We know that digital platforms can be very powerful, but how does their use of data relate to power?
In three ways that derive from the datafication and digitisation affordances of platforms:
Addressing Information Failure. Platforms succeed in part by finding ways to overcome information failures in existing markets. These failures may be sources of power for incumbents. For example, estate agents (realtors) hold power in real estate markets due to information asymmetries; such as knowledge of house sale prices. Real estate platforms put such data into the public domain, thus undermining the power of incumbents. Information failures may also be a source of weakness in existing markets. For example, riders with traditional taxi firms don’t know exactly when their cab will arrive. Platforms provide such data and so, again, undermine incumbents.
Mashing Up. As they deal with digitised data, platforms can gain power by integrating different data streams onto the platform. Real estate platforms integrate online information about neighbourhoods. Ride-hailing platforms integrate online maps to show cab location and routes to riders and drivers.
Controlling New Data. By digitising transactions and associated processes, platforms create, capture and control new data. This bolsters their power; typically by creating new information asymmetries: the platforms know things that others don’t. Real estate platforms can monitor search behaviours of buyers to understand more about which features of house listings they value most. Ride-hailing platforms understand spatio-temporal patterns of supply and demand alongside many other behavioural characteristics of riders and drivers.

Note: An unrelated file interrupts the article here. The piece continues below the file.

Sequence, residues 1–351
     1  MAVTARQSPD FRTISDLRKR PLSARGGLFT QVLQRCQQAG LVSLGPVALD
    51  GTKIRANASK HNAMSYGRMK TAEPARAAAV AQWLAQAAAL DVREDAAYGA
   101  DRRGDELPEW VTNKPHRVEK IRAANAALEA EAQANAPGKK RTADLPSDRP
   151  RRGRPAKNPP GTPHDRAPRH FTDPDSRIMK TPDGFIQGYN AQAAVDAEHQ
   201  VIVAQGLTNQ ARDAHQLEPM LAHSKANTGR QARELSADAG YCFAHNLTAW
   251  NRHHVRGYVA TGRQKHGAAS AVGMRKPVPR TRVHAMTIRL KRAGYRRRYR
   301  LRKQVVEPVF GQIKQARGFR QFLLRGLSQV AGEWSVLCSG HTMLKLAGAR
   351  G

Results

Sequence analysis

This simple framework can usefully be applied in order to analyse the role of data in platforms, and its contribution to power.
How do new digital technologies enable firms to develop? One process often highlighted is disintermediation, where digital technologies allow firms to “cut out the middleman”. Exploring the Kenyan tea auction we suggest that these ideas need to be rethought. Digital technologies bring change, but may lead to more challenging conditions for smaller firms.
One of the benefits often associated with digital technologies is the potential for disintermediation – or put more simply “cutting out the middleman”. This concept forms the basis for many hopes for development around digital technologies .
In the early days of digital technologies, it was found that they often failed to cut out the middleman due to the “digital divide” where digital skills, infrastructure quality and cost limited the use of technologies in smaller firms. But as firms have adopted technologies and with appropriate applications these foundational claims for digital development are important to revisit.
Digitalising the tea sector